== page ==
Cubs still have faith Heyward's hitting will come around

During the season-ending news conference held by Cubs president Theo Epstein last October, I asked specifically about right fielder Jason Heyward.

Heyward's offensive numbers in 2017 were only marginally better than they were in 2016, his first season of an eight-year, $184 million contract with the Cubs.

My question to Epstein was: Considering Heyward's contract and minimal offensive production over two years, was the situation a bigger fix than anticipated or could Heyward improve more than marginally?

Epstein's lengthy answer is worth revisiting here:

"By definition, I think he can improve more than marginally from where he is right now because he's done it in the past," Epstein said. "He was a 6-win player, I think, in four out of five or four out of six years. That's really the standard. That's what we want to get him back to, being a 6-win player.

"In order to do that, he's got to continue to play his great defense, continue to run the bases really well - added benefit of everything he does in the clubhouse with his leadership and professionalism. But to be that type of player again, there needs to be some improvement with the bat to get back to that level, and we'd love to see that, which means driving the ball more consistently to all fields and getting on base more and being a little bit more of an extra-base threat.

"He's done it before. You're never going to give up that that can come back. But this is a guy who has a ton of pride and understands he's contributed to a lot of wins and to a World Series title and another successful season (in 2016) but that there's more he can do and wants to do. He's a proud guy. He's a talented player, and there's some room for improvement offensively."

When Epstein was talking about "6-win player," he meant wins above replacement (WAR). According to, Heyward reached a 6 WAR twice, in 2012 with the Braves and in 2015 with the Cardinals. Baseball Reference is a little more generous, rating Heyward as a 6-WAR player in 2010, 2014 and 2015.

In 481 plate appearances last season, Chicago Cubs right fielder Jason Heyward drove in 59 runs, which was still below his career average of 68 RBI per season. Associated Press

However you calculate it, there is indeed "room for improvement offensively." During his first season with the Cubs, he had a line of .230/.306/.325 with 7 homers and 49 RBI. And after working extensively with then-hitting coach John Mallee last spring, Heyward put up a line of .259/.326/.389 with 11 homers and 59 RBI.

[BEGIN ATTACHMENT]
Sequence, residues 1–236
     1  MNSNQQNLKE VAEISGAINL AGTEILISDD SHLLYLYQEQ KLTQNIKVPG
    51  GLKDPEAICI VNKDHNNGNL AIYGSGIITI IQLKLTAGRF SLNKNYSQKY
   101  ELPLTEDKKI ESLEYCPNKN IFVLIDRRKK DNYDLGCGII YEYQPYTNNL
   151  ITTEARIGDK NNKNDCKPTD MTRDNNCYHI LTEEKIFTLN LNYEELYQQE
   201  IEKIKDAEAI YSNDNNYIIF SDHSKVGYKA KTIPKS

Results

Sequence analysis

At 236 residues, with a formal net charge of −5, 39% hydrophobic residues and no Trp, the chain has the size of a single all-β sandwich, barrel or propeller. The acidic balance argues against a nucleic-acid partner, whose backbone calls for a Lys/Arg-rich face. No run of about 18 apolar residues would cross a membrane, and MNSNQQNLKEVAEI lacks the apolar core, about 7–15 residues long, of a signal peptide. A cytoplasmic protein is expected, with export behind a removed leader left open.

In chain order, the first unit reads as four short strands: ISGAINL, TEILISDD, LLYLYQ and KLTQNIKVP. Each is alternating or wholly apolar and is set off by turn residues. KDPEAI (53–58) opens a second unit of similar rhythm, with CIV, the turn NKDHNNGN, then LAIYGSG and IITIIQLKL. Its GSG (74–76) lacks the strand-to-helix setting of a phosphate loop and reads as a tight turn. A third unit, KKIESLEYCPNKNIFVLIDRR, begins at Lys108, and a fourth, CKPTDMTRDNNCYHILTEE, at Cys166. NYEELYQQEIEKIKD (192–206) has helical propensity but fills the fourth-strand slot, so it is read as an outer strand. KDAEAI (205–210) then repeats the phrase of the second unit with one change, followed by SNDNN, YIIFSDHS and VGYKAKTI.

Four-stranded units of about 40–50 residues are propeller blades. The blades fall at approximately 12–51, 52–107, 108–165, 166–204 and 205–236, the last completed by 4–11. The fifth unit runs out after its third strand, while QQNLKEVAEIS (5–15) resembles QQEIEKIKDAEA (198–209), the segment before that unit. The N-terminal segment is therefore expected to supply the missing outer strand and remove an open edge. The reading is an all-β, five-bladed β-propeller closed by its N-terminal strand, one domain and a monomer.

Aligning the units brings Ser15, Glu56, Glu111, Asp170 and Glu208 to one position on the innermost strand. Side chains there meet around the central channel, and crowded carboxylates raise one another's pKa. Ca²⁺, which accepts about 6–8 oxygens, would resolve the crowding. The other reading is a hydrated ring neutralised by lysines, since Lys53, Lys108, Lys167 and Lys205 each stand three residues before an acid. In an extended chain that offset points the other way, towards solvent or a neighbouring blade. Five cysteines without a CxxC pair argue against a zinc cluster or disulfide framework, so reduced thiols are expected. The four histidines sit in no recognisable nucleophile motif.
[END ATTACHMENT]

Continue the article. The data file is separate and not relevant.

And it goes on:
Heyward won Gold Gloves in both seasons with the Cubs, and his rain-delay speech in Game 7 of the 2016 World Series is the stuff of legend.

But the offensive numbers are a far cry from those in 2012, when Heyward went .269/.335/.479 with 27 homers and 82 RBI with Atlanta.

With the Cubs, Heyward found himself on the bench for some postseason games in both 2016 and 2017, and he's off to a slow start this spring. Entering Wednesday, he was 4-for-26 (.154).

This spring also brought more work, this time with new hitting coach Chili Davis, who replaced the fired Mallee.

"It's been a very easy transition because he played for a long time," Heyward told "He switch hit, he knows how to talk 'feel' and things like that. Sometimes you may not need to talk about a mechanical thing, sometimes you just need to talk about feel or whatever, and it gets you in the right mindset and things fall into place that way.

"At the end of the day during a season, 162 games, that's what you need more than anything. You can work mechanics, you can work drills all you want, but the mindset going into that drill is important and the mindset going into each game and at-bat is important."

If manager Joe Maddon decides to sit the left-handed hitting Heyward against tough lefty pitching, Albert Almora Jr. can handle right field quite competently. Veteran Ben Zobrist has appeared in 392 big-league games in right field.

The big question is what happens if Heyward gets off to a slow start at the plate. Will Maddon stick with him, or does he become an expensive defensive replacement?

The ZiPS projection system has Heyward going .262/.335/.393 with 11 homers and 60 RBI this season. The PECOTA system of Baseball Prospectus projects Heyward at .261/.341/.395 with 11 homers and 52 RBI.

• Twitter: @BruceMiles2112

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